One the most satisfying parts of my job is eating what we harvest. And I like to eat.
This year, with help from Lucy's classroom teacher and a school grandma who is Native American, we collected a bunch of acorns and then used the flour to make cookies.
Lucy's class made a bunch of batches and then we made them again at home.
Acorns were (and continue to be) an important part of local Native American Chumash diets.
Here is more than you probably want to know about acorns.
So after drying the acorns (or lightly cooking) we had to peel them. I remember trying to sell, yes sell, peeled acorns for $0.10 at the lake. Who knew I was actually supplying the neighbors with food.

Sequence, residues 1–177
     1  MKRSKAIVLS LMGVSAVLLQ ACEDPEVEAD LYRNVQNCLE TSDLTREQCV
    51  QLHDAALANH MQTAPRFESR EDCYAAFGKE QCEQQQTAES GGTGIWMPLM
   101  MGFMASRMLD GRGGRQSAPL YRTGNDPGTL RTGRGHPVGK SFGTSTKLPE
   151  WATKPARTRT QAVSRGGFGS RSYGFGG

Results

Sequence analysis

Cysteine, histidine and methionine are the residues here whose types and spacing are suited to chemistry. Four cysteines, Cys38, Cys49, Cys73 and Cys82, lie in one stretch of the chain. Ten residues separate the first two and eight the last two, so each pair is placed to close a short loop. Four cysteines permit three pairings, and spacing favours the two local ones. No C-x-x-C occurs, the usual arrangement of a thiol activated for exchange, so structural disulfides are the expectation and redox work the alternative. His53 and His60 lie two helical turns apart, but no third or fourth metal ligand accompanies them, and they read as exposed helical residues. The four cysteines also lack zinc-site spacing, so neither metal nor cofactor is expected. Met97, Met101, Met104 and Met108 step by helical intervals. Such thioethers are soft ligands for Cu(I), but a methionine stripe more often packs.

After peeling and then gently chopping, the acorns have to leach out all their acids. This involved soaking in water for many days. And then the acorn pieces had to dry out again.
This is where the fun starts, the other stuff was a lot of work. Sadly, I don't have a picture of us grinding actual acorns. The above picture is Henry grinding wheat. Same idea, same amount of fun as you can see from his face. I grow wheat in the school gardens every year. That is why we have a grain mill to begin with. We haven't baked with wheat flour yet.
Acorn flour is darker and nuttier tasting that regular wheat flour. We made traditional chocolate chip cookies and used half acorn flour. They tasted great.